Friday, November 16, 2012

Friday Flashback: Looking for Alaska by John Green

Books don't have to be new to be deserving of a review! On Fridays I flashback to some of my favorite books of all-time.

Looking for Alaska by John Green

Wanting more out of his friendless, uneventful adolescence, Miles has gone off to boarding school to seek (in Rabelais' reputed last words) the "Great Perhaps." In his first months of school he finds his life turning around.  Despite incurring the wrath of the "weekday warriors," he's found his first real friends, discovered the vices of cigarettes and alcohol, acquired a girlfriend, turned pranks and become hopelessly and helplessly enamored with the beautiful, troubled Alaska Young.  In one night, his relationship with Alaska seems to evolve into something more and comes to an abrupt end.  Miles is forced to wrestle with his guilt, and acknowledge the superficiality of his relationship with Alaska as he seeks to understand what happened.  

The genius of this novel (for me) is threefold: the shockingly realistic behavior and deeply witty and intelligent language exhibited by the teenaged characters, the structure of the novel that signals a countdown to some defining moment (that presumably has to do with Alaska, whose name is featured in the title), echoes of the classics (A Separate Peace, Dead Poets Society, etc.) but with a distinct new voice and fresh perspective on boarding school life.  I also really enjoyed Miles' particular quirk of memorizing famous last words.  Is it any wonder that Green's debut novel earned him a Printz Award, attracted legions of "nerdfighter" followers and established Green as the go-to author for literary fiction for young adults?  I think not.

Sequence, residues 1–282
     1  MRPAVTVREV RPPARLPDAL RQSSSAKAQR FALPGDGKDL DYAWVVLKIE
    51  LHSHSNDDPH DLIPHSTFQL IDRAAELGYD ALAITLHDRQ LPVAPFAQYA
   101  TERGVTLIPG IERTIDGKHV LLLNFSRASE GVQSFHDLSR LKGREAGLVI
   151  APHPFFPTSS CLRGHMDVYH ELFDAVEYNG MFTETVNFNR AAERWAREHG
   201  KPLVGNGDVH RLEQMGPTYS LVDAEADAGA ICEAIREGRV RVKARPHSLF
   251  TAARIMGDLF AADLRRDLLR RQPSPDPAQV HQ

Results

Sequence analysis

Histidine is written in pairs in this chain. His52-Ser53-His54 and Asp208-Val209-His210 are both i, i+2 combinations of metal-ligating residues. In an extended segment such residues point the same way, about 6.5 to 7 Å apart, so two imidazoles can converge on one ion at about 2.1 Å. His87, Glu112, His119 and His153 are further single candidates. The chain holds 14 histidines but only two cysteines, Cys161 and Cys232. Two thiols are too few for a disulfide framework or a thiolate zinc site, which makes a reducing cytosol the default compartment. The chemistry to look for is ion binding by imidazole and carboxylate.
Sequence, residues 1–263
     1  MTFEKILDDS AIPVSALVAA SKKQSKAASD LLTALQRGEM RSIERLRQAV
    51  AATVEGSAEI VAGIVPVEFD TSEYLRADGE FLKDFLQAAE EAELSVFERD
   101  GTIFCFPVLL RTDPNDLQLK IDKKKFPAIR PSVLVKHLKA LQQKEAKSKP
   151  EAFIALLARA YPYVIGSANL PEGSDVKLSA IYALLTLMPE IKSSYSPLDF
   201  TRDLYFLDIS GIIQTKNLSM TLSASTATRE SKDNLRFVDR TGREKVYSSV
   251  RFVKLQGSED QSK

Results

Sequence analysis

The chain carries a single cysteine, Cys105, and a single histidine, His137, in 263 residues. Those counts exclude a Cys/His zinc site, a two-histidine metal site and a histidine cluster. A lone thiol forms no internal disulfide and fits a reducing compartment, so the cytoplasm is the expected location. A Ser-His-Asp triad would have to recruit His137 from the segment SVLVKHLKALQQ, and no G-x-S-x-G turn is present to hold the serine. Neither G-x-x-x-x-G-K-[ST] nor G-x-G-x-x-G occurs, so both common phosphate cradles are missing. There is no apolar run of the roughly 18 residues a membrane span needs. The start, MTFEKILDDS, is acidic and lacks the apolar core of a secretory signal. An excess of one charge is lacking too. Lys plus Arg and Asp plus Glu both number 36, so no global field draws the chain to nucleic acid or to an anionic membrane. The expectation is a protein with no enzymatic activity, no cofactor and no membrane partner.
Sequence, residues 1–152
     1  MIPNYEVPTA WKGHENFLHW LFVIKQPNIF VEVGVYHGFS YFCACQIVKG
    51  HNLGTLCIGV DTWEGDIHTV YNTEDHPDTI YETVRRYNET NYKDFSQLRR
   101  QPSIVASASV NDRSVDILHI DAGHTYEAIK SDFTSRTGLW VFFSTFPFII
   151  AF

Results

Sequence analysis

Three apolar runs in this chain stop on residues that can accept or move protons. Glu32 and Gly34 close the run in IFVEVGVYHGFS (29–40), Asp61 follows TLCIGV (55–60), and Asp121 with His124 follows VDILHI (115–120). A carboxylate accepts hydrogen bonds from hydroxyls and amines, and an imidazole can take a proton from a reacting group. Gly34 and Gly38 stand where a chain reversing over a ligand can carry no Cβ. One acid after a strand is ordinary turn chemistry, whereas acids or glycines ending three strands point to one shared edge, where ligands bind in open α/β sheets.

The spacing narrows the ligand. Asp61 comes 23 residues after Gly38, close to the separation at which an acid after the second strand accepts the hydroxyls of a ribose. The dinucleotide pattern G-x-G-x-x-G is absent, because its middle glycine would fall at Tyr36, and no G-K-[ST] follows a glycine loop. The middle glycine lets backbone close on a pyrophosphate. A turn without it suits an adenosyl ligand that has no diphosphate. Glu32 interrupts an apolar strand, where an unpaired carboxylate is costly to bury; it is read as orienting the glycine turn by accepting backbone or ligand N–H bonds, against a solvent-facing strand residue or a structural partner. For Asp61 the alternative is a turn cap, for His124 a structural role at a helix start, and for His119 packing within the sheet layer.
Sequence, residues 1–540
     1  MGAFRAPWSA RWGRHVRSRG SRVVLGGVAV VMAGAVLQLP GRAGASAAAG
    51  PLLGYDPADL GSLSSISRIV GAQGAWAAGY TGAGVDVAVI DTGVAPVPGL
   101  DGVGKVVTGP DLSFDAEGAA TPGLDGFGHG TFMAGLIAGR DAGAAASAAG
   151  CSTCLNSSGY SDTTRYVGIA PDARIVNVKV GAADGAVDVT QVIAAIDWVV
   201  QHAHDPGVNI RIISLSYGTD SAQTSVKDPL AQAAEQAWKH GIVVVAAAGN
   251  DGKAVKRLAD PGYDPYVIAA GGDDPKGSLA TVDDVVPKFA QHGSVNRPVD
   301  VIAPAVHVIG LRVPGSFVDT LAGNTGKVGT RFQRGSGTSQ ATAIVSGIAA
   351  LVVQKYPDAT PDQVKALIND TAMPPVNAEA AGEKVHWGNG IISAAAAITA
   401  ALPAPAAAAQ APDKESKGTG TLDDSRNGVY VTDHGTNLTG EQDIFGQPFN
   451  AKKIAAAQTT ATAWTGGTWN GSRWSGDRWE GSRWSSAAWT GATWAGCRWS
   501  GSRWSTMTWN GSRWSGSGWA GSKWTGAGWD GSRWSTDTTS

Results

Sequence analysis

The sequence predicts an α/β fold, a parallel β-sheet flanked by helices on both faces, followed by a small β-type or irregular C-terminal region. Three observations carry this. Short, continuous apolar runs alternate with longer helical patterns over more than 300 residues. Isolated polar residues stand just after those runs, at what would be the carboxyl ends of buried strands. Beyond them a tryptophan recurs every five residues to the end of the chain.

We read this book for our faculty book club at school.  It was interesting to see the division among the faculty of those who were absolutely horrified by the seeming absence of adults and the irresponsible behavior of Miles, Alaska and their friends, and those who felt that the novel spoke to their younger, naive selves.  I think that by the end of the meeting, after talking through the novel and assuring the naysayers that John Green was really a good guy and that his audience tends to be more mature teens who aspire to do good works and be good people, that almost everyone came around to enjoy the book.  A bunch of attendees even went on to read The Fault in Our Stars (which everyone unanimously preferred).  I also taught them about DFTBA.

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